Even in a heavy rain season, the double falls that bring most visitors here (Moss Grotto and Ribbon Rock) may not be flowing, but that's no reason to avoid this hike. The interesting history, killer view of L.A., and the plant life are worthy of their own excursion.
At the turn of the 20th century, Rubio Canyon hosted a tram that led to Echo Mountain and a service pavilion for its passengers. The tram cars were dubbed "white chariots," and they ran from 1893 to 1936. In 1909, though, Rubio Pavilion was destroyed by a storm and the resultant errant boulders. Some of the foundation remains today, and it can be seen along the trail along with occasional glimpses of the previous rail bed.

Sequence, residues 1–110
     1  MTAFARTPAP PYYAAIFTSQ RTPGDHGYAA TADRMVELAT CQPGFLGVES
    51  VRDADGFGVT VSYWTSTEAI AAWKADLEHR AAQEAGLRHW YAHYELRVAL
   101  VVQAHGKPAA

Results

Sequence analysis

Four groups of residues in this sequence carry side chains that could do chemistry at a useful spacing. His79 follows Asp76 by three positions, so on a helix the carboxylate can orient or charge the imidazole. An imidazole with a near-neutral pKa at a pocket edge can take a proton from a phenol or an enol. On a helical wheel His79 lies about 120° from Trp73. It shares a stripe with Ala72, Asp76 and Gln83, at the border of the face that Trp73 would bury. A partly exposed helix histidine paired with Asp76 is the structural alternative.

In winter and spring, a multitude of wildflowers and even mushrooms can be found along the trail. At the first trail intersection, take a few moments to stop at the small teaching garden and learn about the native plants you'll encounter on your trip.
A lucky visitor will be able to view the modest double falls of Moss Grotto Falls and Ribbon Rock Falls, which are dry most of the year. If the falls are dry, it's worth continuing along the canyon and scouting out the local flora. The trail eventually degrades and becomes a steep scramble up loose rock, so exercise caution when reaching this part of the canyon.
Dogs are allowed but not recommended due to the unstable trail with steep drop-offs.